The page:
Expanding the Horizon of Reason: Archbishop Müller Releases Book On Thought of Pope Benedict XVI
his life and in his reflections. He began at age 15; he is now 85. So he has over seventy years of deep reflection and meditation. He has had many experiences in his life: as a young man, he experienced Nazism and fascism, war, various events of human life.
For this reason, he has never been an intellectual who lives in an ivory tower, but is present in the life of all people, deeply embedded in the history of the twentieth century, but also in the current moment. He is one of the few men to have such wide horizons: he knows the development of philosophy in Europe, starting with the Greeks and Romans, and ending with the modern philosophers. He knows, too, the history of the Church, the questions and challenges posed by the natural sciences today. I know few people with this depth of thought, which is so necessary today.
De Carolis: In his years of service as the Pope, Benedict XVI has shown that even a great theologian can speak the language of the common people, finding new expressions for the ancient truths of the faith. What is striking about this?
Müller: We say: Jesus Christ is the Word of God, but when he came to this world, He spoke in a very simple way, to the hearts of all. He did speak to the Pharisees, to the great intellectuals of the world of his time, but always witnessed to the great respect that God has for all people. For this reason, it is necessary and very important that all theologians should be pastors who reach out to all, because God loves not only intellectuals and geniuses, but all people.
De Carolis: In a paragraph from the book you address the issue of the language of new media. What is particularly relevant in the specific Magisterium of Benedict XVI?
Müller: Faith and Revelation are means that God uses to communicate with us. Through these media we are able to communicate, not in an ideological fashion - that is, wanting to influence people against their reason - but in an open dialogue with the truth, because only truth can save humanity - not propaganda.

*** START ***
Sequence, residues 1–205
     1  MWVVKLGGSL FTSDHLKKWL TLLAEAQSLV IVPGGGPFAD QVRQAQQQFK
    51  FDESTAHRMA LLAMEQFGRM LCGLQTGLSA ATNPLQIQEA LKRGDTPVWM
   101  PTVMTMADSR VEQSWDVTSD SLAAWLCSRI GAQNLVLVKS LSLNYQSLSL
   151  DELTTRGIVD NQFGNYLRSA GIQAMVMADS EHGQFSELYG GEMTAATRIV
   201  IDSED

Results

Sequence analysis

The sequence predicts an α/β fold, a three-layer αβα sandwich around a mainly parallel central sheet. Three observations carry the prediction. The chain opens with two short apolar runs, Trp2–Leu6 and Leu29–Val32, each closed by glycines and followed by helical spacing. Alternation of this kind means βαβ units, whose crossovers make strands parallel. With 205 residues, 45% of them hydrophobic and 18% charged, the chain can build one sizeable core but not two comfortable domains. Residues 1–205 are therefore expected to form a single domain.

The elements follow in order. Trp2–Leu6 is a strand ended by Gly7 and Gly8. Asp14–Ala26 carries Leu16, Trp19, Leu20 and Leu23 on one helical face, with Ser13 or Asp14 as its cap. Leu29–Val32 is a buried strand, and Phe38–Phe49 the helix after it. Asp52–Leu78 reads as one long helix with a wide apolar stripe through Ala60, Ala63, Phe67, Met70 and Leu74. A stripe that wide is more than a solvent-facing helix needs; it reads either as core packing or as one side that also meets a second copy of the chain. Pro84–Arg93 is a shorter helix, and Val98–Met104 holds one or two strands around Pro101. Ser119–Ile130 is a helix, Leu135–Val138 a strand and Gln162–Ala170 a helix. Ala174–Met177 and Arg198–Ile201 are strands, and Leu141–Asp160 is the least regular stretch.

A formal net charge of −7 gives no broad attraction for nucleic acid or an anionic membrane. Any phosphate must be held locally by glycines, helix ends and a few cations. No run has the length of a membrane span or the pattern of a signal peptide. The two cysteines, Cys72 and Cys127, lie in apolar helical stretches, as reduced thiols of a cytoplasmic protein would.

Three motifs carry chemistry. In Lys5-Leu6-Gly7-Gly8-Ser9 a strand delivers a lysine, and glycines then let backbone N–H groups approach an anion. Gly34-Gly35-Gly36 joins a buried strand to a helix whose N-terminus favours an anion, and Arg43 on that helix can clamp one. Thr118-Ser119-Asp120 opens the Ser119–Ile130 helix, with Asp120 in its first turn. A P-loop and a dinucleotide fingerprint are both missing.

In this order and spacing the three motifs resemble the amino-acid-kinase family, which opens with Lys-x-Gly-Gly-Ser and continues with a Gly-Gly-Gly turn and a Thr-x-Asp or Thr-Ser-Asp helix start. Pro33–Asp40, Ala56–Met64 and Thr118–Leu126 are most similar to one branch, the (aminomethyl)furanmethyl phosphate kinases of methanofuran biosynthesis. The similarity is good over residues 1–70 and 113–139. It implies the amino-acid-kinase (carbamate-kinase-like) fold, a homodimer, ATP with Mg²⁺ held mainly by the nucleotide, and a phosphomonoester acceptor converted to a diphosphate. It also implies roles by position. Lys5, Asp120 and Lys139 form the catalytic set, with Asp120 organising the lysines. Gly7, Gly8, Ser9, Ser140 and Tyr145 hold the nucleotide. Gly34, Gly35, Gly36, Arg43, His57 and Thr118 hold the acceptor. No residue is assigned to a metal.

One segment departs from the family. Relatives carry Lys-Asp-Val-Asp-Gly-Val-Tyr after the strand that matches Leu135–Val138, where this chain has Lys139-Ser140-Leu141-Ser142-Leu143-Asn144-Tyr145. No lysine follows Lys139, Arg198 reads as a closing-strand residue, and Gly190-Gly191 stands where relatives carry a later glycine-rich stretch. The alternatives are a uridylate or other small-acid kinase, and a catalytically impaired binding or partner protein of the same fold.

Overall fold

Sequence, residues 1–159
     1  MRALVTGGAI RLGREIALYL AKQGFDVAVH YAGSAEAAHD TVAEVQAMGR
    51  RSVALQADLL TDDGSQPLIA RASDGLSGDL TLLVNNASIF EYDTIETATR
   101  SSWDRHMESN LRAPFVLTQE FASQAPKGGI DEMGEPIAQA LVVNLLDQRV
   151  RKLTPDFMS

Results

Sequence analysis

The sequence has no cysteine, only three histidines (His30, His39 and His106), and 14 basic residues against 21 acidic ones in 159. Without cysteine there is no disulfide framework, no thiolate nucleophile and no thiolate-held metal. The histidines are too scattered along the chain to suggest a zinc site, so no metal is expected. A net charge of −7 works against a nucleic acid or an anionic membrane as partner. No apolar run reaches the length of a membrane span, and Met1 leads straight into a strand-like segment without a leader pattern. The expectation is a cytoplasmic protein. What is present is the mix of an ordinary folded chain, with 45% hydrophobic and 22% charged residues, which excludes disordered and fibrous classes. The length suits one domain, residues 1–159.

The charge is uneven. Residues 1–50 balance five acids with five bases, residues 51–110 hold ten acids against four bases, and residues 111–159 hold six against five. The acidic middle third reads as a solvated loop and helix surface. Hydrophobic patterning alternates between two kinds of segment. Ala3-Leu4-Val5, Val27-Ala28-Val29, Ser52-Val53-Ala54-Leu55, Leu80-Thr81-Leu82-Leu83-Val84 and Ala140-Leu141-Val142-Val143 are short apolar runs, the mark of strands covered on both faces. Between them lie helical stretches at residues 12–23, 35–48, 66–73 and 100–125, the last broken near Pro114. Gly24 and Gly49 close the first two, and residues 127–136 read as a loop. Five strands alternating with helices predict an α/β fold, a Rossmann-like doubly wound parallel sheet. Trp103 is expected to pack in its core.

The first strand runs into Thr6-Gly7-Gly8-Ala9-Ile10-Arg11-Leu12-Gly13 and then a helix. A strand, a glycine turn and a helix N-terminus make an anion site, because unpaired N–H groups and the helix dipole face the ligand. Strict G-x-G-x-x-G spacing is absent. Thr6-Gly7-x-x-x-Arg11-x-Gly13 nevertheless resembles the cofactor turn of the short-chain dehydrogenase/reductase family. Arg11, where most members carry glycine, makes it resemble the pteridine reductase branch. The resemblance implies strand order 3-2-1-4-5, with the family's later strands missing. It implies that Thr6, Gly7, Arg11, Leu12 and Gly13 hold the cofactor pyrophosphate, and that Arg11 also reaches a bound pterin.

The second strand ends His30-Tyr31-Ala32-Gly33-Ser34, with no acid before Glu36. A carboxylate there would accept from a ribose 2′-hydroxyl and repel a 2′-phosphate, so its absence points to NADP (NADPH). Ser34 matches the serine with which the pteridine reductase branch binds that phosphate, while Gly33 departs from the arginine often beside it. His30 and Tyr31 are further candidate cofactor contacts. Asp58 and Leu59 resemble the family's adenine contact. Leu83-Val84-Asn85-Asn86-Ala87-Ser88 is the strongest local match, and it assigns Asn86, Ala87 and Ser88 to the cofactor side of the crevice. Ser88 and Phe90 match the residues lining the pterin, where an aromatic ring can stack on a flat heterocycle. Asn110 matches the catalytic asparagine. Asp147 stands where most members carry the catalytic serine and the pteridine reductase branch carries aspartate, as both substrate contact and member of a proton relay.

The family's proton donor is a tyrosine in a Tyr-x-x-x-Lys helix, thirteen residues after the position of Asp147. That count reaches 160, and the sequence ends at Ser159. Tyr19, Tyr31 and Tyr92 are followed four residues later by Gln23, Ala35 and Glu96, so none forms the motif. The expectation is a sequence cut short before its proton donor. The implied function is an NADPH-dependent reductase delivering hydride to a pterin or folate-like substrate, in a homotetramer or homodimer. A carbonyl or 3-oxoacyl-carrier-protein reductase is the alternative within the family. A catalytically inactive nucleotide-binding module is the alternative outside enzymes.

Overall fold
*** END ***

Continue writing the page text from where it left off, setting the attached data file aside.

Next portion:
- - -
Pope Benedict XVI's Prayer Intentions for January 2013
General Intention: The Faith of Christians. That in this Year of Faith Christians may deepen their knowledge of the mystery of Christ and witness joyfully to the gift of faith in him.
Missionary Intention: Middle Eastern Christians. That the Christian communities of the Middle East, often discriminated against, may receive from the Holy Spirit the strength of fidelity and perseverance.
Keywords: Faith, Reason, Pope Benedict XVI, Archbishop Müller, magisterium, CDF Congregation for the Doctrine of the Faith, orthodoxy, orthopraxy, Regensburg, Deacon Keith Fournier
Rate This Article
Leave a Comment
More Europe News
- Pentecostal Pope Calls Ecclesial Movements and the Whole Church to Newness, Unity and Mission
- Historic Meeting between Pope Francis and Coptic Patriarch, Tawadros II, Fosters Christian Unity
- Pope Francis Shakes up the Ambassadors Meeting and Addresses Economic Issues
- AU CONTRAIRE! Economic crisis has been 'pulling European public opinion apart'
- Pope Calls Whole Church to Encounter Jesus Christ Personally Through the Holy Spirit
- France ponder one percent 'Internet tax' to fund domestic computer production
- Pope Francis Canonizes 802 Saints: 800 Martyrs of Otranto and Two Latin American Foundresses
- Growth in Number of Catholics Worldwide, Along with Priests and Deacons
- Scientists confirm that Roman Empire was destroyed by plague
- Fr. Paul Schenck: Finding Living Faith on Catechetical Sunday
- The Movie Yellow: Incest as 'Normal' and Cassavates's Slides Into the World of Woes
- The Chicago School Teachers Strike Reveals the Need For School Choice
- The Sexual Barbarians and the Dissolution of Culture
- The Happy Priest Challenges Us to Ask: Who is Jesus to Me?
- Michael Coren on Canadian Public Schools: Teachers, leave those kids alone
- We Cannot Ignore Our Consciences: Cardinal Dolan On Religious Liberty
- In the Face of Danger, Successor of Peter Travels to Lebanon as a Messenger of Peace
- Reflections on the Dignity and Vocation of Women: Who or What?